The GDPR & How It Will Affect Your Business’s Marketing

What is the GDPR?

The General Data Protection Regulation or GDPR is legislation that is coming into effect on the 25th May 2018. It is a new EU regulation that is attempting to unify how countries in the EU approach data protection and the security of personal information. And, despite Brexit, the UK is very much included in this new regulation, as any country that wants to trade with countries in the EU must be compliant.

The GDPR aims to give citizens of the EU greater control over their own data, and to give them confidence that their personal information is being protected by the companies they choose to give them to.

What does the GDPR mean for your business?

The main way that this could affect you and your business is regarding the collection, use and transferal of personal information. Think about those email pop-ups on your website, those details your customers enter when they place an order, and your CRM system containing the contact information of all of your clients. All of these are examples of collecting data, which will now be being heavily controlled and regulated, with severe penalties for those that do not comply.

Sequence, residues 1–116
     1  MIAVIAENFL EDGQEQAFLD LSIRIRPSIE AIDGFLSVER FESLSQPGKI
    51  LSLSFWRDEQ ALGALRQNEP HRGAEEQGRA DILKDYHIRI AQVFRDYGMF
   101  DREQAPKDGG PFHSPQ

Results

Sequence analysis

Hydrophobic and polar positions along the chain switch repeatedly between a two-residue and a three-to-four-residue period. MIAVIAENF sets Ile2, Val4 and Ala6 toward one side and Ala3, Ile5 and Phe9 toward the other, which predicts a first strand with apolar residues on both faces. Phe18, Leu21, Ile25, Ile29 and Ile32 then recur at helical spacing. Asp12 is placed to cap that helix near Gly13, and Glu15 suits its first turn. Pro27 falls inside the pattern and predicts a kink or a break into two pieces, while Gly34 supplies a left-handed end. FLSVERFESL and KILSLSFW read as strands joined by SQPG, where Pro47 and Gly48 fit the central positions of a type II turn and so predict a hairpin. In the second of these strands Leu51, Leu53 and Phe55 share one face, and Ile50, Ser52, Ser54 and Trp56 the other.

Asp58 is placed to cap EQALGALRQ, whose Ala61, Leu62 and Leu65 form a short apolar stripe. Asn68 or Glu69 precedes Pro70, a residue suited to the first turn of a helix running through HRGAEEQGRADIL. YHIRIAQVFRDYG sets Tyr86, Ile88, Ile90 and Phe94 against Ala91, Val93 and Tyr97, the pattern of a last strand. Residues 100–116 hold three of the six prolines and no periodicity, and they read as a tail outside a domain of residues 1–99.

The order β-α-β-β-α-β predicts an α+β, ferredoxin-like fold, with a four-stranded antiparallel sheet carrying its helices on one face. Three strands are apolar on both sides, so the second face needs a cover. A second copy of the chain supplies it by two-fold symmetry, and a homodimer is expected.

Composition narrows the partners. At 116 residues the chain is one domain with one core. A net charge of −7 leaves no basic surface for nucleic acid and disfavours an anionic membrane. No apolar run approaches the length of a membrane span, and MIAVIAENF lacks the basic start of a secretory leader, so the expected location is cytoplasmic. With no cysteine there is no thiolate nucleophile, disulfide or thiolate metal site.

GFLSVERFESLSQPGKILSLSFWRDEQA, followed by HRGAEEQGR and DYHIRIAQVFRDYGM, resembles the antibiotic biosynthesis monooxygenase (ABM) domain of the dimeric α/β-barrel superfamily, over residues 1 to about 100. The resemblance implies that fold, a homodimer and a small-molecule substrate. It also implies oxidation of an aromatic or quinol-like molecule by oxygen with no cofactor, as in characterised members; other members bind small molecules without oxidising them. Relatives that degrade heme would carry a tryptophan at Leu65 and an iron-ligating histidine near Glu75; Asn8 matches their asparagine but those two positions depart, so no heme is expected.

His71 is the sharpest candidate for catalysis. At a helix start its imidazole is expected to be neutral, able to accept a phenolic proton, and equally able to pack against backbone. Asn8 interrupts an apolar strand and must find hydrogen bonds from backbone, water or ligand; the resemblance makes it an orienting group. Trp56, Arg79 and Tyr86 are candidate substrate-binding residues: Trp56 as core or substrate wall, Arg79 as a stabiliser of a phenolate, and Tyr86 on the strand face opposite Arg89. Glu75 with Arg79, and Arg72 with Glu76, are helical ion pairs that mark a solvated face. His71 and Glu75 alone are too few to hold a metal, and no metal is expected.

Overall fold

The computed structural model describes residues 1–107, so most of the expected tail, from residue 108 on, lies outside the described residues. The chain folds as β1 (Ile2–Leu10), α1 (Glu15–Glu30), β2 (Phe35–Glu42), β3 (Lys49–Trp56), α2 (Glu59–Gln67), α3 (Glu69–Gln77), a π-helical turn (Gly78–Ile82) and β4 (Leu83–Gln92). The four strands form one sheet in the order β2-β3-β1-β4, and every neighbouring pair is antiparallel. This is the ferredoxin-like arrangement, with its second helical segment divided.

Personal data includes:

  • Names
  • Photos
  • Email addresses
  • Bank details
  • Updates on social networking websites
  • Location details
  • Medical information
  • Computer IP addresses

Let’s delve a little deeper. What rights will the individual be given with regards to their own data?

  1. The right to access. Citizens will have the right to request access to their personal data and ascertain how their data is being used by your company. You also have to provide a copy of the personal data that you have on file for an individual, for free, if they request it.